Half Dome Accident


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Trad climber
Topic Author's Original Post - Nov 14, 2006 - 01:54pm PT
Yosemite National Park (CA)
Fatal Fall From Half Dome

On about 1:30 p.m. on Wednesday, November 8th, Valley District rangers, SAR personnel and trail crew members responded to vague cell phone reports that there’d been a fall with serious injury from the Half Dome cables (in October, the cable hand lines are laid down on the rock and the stanchions which hold the cables up are removed to prevent them from being damaged by avalanches). Responding personnel had to hike up the nine miles of trail and the slab approach to the northwest face due to marginal flying conditions. Orders were placed for several helicopters; two eventually made it into the Valley but were unable to transport crews to the site of the accident due to low clouds surrounding the dome. The medical hasty team arrived on scene at 5 p.m. and found the body of Emily Sandall, a 25-year-old New Mexico resident and graduate of the University of Montana, at a spot about 300 feet below the base of the cables. According to her hiking partner, Sandall was descending the cables when she slipped on the wet rock, lost her grip on the cable, and slid out of sight. Her body was flown out by long line under a helicopter the following day. [Submitted by Leslie Reynolds, Valley District Ranger]

my condolences to her friends and family
Toker Villain

Big Wall climber
Toquerville, Utah
Nov 14, 2006 - 02:12pm PT
I hate seeing this stuff.

When we build roads into the mountains and canyons just for the view, and make outdoor adventure culturally heroic it seems inevitable that enthusiastic people become overextended with tragic results.
I almost think there should be mandatory orientation for a backcountry permit, but what would REALLY help is to hold people financially reponsible for rescue costs. People would behave far more conservatively if their OWN wallets were on the line.

Werner, ball park, what were the costs of this recovery?

Trad climber
San Luis Obispo, CA
Nov 14, 2006 - 02:14pm PT
I am surprised it doesn't happen more often.
Doug Hemken

Madison, WI
Nov 14, 2006 - 02:38pm PT
Ron wrote:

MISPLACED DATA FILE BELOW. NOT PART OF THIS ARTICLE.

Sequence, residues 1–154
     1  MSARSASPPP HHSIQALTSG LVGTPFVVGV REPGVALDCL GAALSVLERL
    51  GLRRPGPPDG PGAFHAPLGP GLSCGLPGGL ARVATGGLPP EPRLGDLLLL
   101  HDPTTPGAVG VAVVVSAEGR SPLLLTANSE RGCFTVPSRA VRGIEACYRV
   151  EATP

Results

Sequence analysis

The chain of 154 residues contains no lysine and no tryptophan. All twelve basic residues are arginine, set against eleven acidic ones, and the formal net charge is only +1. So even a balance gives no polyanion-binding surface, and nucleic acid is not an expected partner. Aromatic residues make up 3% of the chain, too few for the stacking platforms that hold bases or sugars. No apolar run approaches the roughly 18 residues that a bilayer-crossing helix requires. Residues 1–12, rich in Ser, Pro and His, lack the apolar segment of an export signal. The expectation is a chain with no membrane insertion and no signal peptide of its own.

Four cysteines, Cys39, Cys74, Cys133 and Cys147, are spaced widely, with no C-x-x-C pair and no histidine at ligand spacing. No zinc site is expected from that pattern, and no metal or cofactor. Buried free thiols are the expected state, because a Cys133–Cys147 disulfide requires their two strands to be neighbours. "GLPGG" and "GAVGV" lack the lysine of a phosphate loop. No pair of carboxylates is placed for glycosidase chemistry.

"but what would REALLY help is to hold people financially responsible for rescue costs"

Has this approach reduced the number of highway accidents and ER visits? So people have fewer accidents in states where insurance rates are higher? Or are you suggesting that we do away with the concept of "insurance" altogether?

State of Mine
Nov 14, 2006 - 02:43pm PT
very sad, my condolences.

ron, i doubt emily really gives a sh#t at this point what the cost is.

Nov 14, 2006 - 02:51pm PT
My heartfelt condolences to the family of the deceased.

There aren't always answers Ron.

Nov 14, 2006 - 02:51pm PT
This is a person who gave a lot more than she took from society. I do not think the cost of this is even worthy of discussion.

Trad climber
the south
Nov 14, 2006 - 02:56pm PT
Anybody can slip.
Toker Villain

Big Wall climber
Toquerville, Utah
Nov 14, 2006 - 03:00pm PT
Doug, I said not one word against insurance, a business that earns me money, but the premiums still come out of our wallets.

Too bad people don't seem to appreciate that fact.

Trad climber
Mammoth Lakes, CA
Nov 14, 2006 - 03:19pm PT

Nov 14, 2006 - 03:39pm PT
"Werner, ball park, what were the costs of this recovery?"

did someone really pose this question?
was this question asked when Todd Skinner fell?

Trad climber
Sacramento, CA
Nov 14, 2006 - 03:49pm PT
No matter how many rules we are still gonna die... All of us.
I am sad for her family, and I am happy she was able to see the view off the dome at such a pretty time of year.

The world is a great place when people do what the WANT to do when they WANT to it.

Big Wall climber
Stoney Point
Nov 14, 2006 - 04:00pm PT
I was coming down the cables after the regular route and this tourist was frozen with fear halfway down. It seems everytime I do the cables I am helping someone.

I find the cable scary.


Nov 14, 2006 - 04:14pm PT